Apoptosis

Similarly to the other cases of massive PCD in the ovary, apoptosis is the best studied mechanism of CL degeneration due to the long history of observations [217, 218]. A massive increase in apoptotic activity occurs in the CL tissue soon after ovulation if the ovum is not successfully fertilized [218]. Experimental abrogation of apoptosis, which is commonly performed by caspase-3 knockout, is complicated in the case of the CL due to prominent perinatal mortality of caspase-3-deficient mice [219]. However, in the cohort of mice that survived long enough, caspase-3 knockout prevented apoptosis progression in the ovaries and significantly hindered CL regression [220, 221]. CL development in the ovary is associated with active angiogenesis [222]; therefore, it is unlikely that the lack of nutrients or hypoxia could be the main reason for the induction of luteal cell death. It is currently considered that extrinsic apoptosis in CL is activated by a local increase in CD95/Fas/Apo-1 system components (with additional influence from IFNγ and TNFα) and by external PGF2α secretion [217].

Both CD95/Fas/Apo-1 and FasL are expressed in luteal cells in various model organisms in the case of a normal estrous/menstrual cycle or pregnancy [119, 123, 125, 223,224,225]. The levels of CD95/Fas/Apo-1 seem to increase progressively with the age of the CL [223,224,225,226,227]. CD95/Fas/Apo-1 and FasL are expressed in CL cells in a mutually exclusive way and cooperate for efficient apoptosis induction. CD95/Fas/Apo-1 is only present in steroidogenic luteal cells, while FasL is specific to immune cells (macrophages and T lymphocytes) that invade CL during the functional degradation stage and promote structural involution [228, 229]. However, this model of luteolysis needs confirmation from different sources. Activation of CD95/Fas/Apo-1 by a specific antibody or FasL results in luteal cell death in vitro and in vivo [123, 125, 224]; accordingly, mice with an inactivating FasL mutation display impaired luteolysis [123]. A specific mouse strain known as the SAMP (senescence-accelerated mouse-prone) displays many early signs of aging including a reduced reproductive potential due to the abnormal accumulation of luteal bodies in the ovaries. These CL-like formations do not undergo luteolysis and display a simultaneous reduction in CD95/Fas/Apo-1, FasL, and active caspase-3 levels [230].

The susceptibility of luteal cells to CD95/Fas/Apo-1-dependent apoptosis is further promoted by TNFα and IFNγ [125, 224, 226, 229, 231]. Studies of murine ovaries suggest that TNFα may always be expressed in CL tissue and sustains a baseline level of CD95/Fas/Apo-1-mediated death; however, a local increase in the IFNγ level drives prominent apoptosis induction [232]. On the other hand, TNFR1-deficient mice or mice treated with TNF-inactivating antibody display disturbances of the estrous cycle: they often remain in diestrus, probably due to impaired luteolysis [233, 234]. Both TNFα and IFNγ increase the expression of CD95/Fas/Apo-1, therefore, enhancing the apoptosis-inducing effects [125, 224, 232]. The exact mechanism of this regulation in luteal cells has not yet been determined, but the studies performed in other models suggest that it may be facilitated through NFκB-RelA-dependent control of transcription [235, 236]. Additional mechanisms of CD95/Fas/Apo-1-dependent regulation of apoptosis may include suppression of the soluble anti-apoptotic FasB decoy receptor and TGFβ1 [232, 237]. In general, the CD95/Fas/Apo-1-dependent mechanism of luteal cell apoptosis is very similar to the mechanism observed in atretic follicles (see “Regulation of PCD during follicular atresia - Apoptosis” section).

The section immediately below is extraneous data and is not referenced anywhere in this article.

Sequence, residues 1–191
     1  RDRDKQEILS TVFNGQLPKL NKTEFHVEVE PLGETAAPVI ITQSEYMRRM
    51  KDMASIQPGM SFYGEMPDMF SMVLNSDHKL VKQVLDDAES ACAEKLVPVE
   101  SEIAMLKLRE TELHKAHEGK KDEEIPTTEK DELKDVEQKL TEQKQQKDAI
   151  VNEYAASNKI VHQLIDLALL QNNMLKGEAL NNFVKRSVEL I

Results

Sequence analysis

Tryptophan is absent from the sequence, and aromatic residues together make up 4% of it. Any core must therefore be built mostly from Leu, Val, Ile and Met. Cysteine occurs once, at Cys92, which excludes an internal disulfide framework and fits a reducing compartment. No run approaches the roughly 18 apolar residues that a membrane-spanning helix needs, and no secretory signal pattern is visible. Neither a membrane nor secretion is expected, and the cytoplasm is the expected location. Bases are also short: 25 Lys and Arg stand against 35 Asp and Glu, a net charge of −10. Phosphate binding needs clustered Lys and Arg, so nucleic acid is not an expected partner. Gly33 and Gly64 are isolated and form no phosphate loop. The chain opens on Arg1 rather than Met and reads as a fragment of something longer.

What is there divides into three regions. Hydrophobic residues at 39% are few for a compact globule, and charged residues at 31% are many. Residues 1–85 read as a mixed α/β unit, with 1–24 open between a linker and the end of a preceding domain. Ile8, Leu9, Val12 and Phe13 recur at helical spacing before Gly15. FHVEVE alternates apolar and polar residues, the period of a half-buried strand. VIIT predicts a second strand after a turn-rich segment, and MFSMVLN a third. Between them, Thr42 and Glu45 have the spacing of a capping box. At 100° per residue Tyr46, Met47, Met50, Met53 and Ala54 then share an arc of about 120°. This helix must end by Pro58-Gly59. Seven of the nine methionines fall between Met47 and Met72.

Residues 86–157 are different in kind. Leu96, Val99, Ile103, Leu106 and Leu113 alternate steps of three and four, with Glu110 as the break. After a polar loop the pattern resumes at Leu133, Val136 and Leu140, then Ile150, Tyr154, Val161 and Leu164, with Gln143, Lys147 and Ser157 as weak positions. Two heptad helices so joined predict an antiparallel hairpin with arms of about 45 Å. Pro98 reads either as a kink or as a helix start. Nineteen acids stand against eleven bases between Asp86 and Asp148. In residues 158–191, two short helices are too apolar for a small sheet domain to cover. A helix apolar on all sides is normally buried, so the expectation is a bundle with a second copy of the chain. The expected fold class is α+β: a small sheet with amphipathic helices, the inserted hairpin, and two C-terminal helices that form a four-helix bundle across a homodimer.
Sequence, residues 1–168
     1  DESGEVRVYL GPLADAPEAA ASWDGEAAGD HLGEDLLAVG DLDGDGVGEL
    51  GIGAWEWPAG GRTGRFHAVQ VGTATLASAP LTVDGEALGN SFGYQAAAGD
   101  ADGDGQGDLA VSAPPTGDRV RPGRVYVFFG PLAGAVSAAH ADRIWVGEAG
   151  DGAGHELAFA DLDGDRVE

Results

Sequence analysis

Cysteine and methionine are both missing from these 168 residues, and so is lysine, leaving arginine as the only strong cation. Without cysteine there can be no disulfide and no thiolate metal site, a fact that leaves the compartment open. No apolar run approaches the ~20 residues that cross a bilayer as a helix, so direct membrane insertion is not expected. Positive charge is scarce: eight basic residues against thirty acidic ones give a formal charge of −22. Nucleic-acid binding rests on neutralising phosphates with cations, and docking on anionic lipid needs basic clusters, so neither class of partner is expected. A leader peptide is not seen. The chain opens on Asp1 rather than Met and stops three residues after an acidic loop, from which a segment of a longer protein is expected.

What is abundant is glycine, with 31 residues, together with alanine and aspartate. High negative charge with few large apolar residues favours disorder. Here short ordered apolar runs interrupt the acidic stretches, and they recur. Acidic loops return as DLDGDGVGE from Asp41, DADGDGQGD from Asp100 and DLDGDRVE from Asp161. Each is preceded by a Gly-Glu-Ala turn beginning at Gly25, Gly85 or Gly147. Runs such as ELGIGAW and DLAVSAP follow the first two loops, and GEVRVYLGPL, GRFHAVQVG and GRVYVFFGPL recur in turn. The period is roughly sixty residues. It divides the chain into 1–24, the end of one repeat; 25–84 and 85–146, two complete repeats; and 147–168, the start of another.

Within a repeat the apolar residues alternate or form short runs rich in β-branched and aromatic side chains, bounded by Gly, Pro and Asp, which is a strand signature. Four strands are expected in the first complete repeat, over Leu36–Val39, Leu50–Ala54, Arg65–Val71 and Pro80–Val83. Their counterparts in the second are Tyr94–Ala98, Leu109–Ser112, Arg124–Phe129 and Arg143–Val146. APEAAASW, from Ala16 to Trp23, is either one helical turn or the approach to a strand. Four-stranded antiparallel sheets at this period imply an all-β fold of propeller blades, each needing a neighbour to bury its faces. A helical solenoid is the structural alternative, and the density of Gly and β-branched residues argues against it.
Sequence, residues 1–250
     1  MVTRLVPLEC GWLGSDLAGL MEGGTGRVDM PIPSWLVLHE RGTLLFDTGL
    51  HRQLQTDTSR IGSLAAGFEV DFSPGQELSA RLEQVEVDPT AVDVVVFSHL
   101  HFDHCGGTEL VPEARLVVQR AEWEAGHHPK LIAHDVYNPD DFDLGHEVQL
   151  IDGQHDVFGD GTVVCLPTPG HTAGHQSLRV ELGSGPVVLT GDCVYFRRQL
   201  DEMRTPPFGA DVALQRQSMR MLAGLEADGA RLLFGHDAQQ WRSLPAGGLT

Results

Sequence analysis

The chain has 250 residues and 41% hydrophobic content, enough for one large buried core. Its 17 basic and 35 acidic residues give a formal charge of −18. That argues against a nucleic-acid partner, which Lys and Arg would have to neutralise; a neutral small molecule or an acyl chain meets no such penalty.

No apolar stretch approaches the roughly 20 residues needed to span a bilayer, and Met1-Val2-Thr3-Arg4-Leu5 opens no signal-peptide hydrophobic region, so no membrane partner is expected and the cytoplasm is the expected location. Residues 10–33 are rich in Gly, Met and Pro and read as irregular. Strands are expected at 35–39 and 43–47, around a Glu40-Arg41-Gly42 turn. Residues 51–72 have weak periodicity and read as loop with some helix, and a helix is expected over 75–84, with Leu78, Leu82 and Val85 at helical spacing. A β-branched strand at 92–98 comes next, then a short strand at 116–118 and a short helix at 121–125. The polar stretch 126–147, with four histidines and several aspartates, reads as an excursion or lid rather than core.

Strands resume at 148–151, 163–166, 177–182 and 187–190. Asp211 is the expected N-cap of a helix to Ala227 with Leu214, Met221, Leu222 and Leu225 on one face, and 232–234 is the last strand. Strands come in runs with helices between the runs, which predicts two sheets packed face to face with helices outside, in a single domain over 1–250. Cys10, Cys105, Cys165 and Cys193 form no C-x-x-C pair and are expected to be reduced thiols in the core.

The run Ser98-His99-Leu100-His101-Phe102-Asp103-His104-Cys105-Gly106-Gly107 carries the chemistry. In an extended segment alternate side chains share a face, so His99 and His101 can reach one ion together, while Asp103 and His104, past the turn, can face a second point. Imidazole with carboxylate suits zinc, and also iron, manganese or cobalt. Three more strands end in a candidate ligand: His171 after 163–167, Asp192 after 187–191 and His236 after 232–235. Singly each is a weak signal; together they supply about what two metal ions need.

PGF2α has long been known as a luteolysis inductor that is external to the ovary itself. It is well established that PGF2a is secreted by the uterus and is crucial for CL regression in many species, with the notable exception of primates. Hysterectomy does not affect the CL lifespan in primates, but the administration of exogenous PGF2α still promotes CL degradation [27]. Many aspects of PGF2α functions remain poorly understood. For example, the ideas about the intraovarian source of PGF2α were proposed in the early 1970s [238] and were experimentally confirmed in 1976 [239], but the dynamics of prostaglandin synthesis in luteal cells were only determined in 2000 [240]. The most peculiar detail is that the regulatory mechanisms of PGF2α synthesis in the late-phase CL seem to establish a positive feedback loop, resulting in self-sustaining secretion of this major luteolytic factor [241].